Middle East

Moscow backs Syria position, urges Arabs help initiative succeed

Russian Foreign Affairs Minister Sergei Lavrov. Archives, The Daily Star.

BEIRUT: In a clear defense of President Bashar Assad, Russia has expressed its concerns to the Arab League over the crisis in Syria, saying it had reports the opposition was becoming more militant and sought to foil an initiative by the Arab body to resolve the eight-month crisis.

In a letter by Russian Foreign Affairs Minister Sergei Lavrov, obtained by The Daily Star Friday, Moscow also criticized the United States for urging Syrians not to hand over weapons to Syrian authorities, which one rights watchdog has accused of committing “crimes against humanity.”

“We call upon all influential sides to take similar steps [commit to the understanding of the Arab League initiative] through contacting opposition groups, including the Syrian National Council, in order to stop acts of violence committed by extremists and armed groups who are from the opposition,” Lavrov told Nabil Elaraby, head of the Arab League.

The Russian official said Moscow had also information about an increase in arms smuggling into Syria and “the use of these weapons against government forces police stations and security agencies.”

Syrians have faced what rights groups describe as a brutal crackdown by Damascus in a bid to quash protesters calling for reforms in the tightly controlled state, which has been under Baath Party rule for almost five decades.

Earlier this month the Arab League managed, after initial resistance from Damascus, to get Syria on board an initiative it hoped would help put an end to the bloodshed, which several Arab states, like Saudi Arabia and other Gulf states had strongly criticized.

Syria agreed on Nov. 2 to the plan, which would see a withdrawal of the Syrian Army from streets, an end to the crackdown on protesters, the release of all political prisoners and the launch of dialogue between the opposition and the government within two weeks.

However, the Arab League soon criticized Damascus saying it had failed to implement most of the conditions set in the peace bid.

In the statement to the Arab League chief, Lavrov described the Syrian Army as taking a defensive position and cited reports of aggression committed by extremist gunmen, a term often used by Damascus as a rationale for its crackdown on protesters, which the U.N. says some 3,500 people, mostly civilians, have perished in.

“We are concerned with news of ongoing aggression by extremist gunmen such as those which took place in Homs, Hama and Idlib in recent days with the provocative aim of forcing security agencies and the army in Syria to retaliate, and then launching a campaign via international media outlets,” Lavrov said in the statement.

“Representatives of the opposition ... admit that they are adopting a policy to foil the agreement to pull out military units from the streets of Syrian cities along with the entire Arab League plan,” Lavrov added.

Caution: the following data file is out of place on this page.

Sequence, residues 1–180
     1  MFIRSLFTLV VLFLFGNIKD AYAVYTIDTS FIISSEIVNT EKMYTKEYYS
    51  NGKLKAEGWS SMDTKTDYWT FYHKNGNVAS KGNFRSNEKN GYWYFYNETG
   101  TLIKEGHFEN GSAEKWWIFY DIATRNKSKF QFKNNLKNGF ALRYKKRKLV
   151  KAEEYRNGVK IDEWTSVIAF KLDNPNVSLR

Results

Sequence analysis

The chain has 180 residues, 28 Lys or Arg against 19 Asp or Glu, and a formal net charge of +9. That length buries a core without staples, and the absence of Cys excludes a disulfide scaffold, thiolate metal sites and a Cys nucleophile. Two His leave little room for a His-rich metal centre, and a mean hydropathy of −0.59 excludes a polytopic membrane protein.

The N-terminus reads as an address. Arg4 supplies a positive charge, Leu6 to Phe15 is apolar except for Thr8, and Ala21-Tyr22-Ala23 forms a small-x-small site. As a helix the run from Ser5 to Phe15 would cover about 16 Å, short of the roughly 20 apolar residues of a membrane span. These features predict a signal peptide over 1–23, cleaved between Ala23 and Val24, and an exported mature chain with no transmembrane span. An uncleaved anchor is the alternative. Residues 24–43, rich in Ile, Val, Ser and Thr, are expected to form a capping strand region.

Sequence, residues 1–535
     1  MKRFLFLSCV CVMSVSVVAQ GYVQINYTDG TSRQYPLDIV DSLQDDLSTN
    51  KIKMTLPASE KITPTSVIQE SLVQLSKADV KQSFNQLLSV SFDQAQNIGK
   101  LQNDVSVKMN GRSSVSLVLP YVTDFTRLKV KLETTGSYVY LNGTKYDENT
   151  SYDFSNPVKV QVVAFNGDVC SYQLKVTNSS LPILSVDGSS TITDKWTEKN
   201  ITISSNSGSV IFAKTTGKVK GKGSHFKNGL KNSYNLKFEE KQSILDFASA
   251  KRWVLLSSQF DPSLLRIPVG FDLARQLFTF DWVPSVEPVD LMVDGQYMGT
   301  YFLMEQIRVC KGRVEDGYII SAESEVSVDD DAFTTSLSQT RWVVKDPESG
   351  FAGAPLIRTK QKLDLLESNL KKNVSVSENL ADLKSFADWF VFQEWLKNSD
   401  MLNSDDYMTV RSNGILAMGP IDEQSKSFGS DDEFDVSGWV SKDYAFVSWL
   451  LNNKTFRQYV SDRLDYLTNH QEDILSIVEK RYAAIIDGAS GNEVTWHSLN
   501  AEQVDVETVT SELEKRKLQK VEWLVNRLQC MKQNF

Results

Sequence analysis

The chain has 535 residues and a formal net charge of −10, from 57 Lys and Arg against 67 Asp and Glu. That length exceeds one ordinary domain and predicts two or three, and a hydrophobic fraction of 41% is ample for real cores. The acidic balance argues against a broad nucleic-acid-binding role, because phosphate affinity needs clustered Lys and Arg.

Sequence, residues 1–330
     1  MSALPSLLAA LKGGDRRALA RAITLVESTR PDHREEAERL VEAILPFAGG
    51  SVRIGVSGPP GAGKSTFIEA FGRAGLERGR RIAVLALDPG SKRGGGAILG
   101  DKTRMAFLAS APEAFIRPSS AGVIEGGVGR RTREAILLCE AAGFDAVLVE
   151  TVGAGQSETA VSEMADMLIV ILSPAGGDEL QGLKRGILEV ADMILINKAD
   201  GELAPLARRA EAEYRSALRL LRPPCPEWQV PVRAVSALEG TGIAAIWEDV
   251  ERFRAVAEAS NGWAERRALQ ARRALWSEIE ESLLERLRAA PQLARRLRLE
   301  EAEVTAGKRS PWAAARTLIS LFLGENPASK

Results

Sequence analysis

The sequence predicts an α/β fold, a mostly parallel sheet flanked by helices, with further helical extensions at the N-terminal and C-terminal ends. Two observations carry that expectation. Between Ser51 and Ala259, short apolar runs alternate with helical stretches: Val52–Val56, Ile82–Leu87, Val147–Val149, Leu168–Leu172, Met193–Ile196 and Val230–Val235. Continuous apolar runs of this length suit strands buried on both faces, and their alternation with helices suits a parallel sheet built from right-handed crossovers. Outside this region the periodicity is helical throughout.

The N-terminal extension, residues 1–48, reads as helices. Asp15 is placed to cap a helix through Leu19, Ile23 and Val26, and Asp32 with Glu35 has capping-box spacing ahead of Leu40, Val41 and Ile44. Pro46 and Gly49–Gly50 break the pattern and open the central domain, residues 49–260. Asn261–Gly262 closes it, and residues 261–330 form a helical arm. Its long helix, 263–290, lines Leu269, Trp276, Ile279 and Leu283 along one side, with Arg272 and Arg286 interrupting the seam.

The top Russian official also criticized the United States for advising Syrians not to comply with an arms amnesty called for by Damascus.

His statement came a day after Syrian Foreign Minister Walid Moallem issued a complaint to the Arab League of American interference in Syria. Moallem conveyed his concern that the “U.S. incitement is paving the way for an Arab-backed foreign intervention in Syria," Syrian state-run news agency SANA quoted the Syrian official as telling Elaraby.

“What also concerned us was that after the Syrian authorities called on gunmen to hand over their arms and to benefit from the amnesty announced for the period between Nov. 5 and Nov. 12, the spokesperson of the U.S. State Department announced that Washington did not recommend the acceptance of this proposal,” Lavrov told Elaraby in his statement to the Arab League.

U.S. President Barack Obama, along with other Western allies, has called on Assad to step down and has imposed a series of rounds of sanctions on Damascus in the hope of curbing the violence.

In early October both Russia and China, two permanent members of the United Nations Security Council, vetoed the passing of a resolution condemning the crackdown by Damascus.

New York-based Human Rights Watch said Friday Syrian forces had tortured and killed civilians in the rebellious province of Homs earlier in the week in an assault that indicated crimes against humanity, and urged the Arab League to suspend Syria's membership from the organization.

In the letter to the Elaraby, Lavorv said Moscow had greeted the Arab League intiative for Syria positively and said all of its clauses needed to be implemented.

“The implementation of all items of the Arab League’s plan opens the way for a peaceful solution to the problems that the Syrians are encountering through national dialogue away from violence and foreign interference,” Lavrov said.

The Russian official noted that the first demand in the intiative called on all sides to end the violence.

“This demand is addressed to all sides,” Lavrov said, adding that Moscow was “dealing with Damascus and we urge Syrian authorities to closely commit to the understanding reached in the framework of the Arab League.”

“Given that you received a delegation from the Syrian National Council on Nov. 5, I consider it suitable to call upon you to make additional efforts so that the Syrian opposition adopts a position up to responsibility and supports in word and deed the Arab League initiative which allows the peaceful political settlement of the Syrian crisis by the Syrians themselves.

“I am convinced that launching the political process inside Syria with the participation of all sides, the active role of the Arab League and the coordinated efforts of the international community will end the bloodshed, violence and guarantee that Syria moves forward towards peaceful development and democracy."





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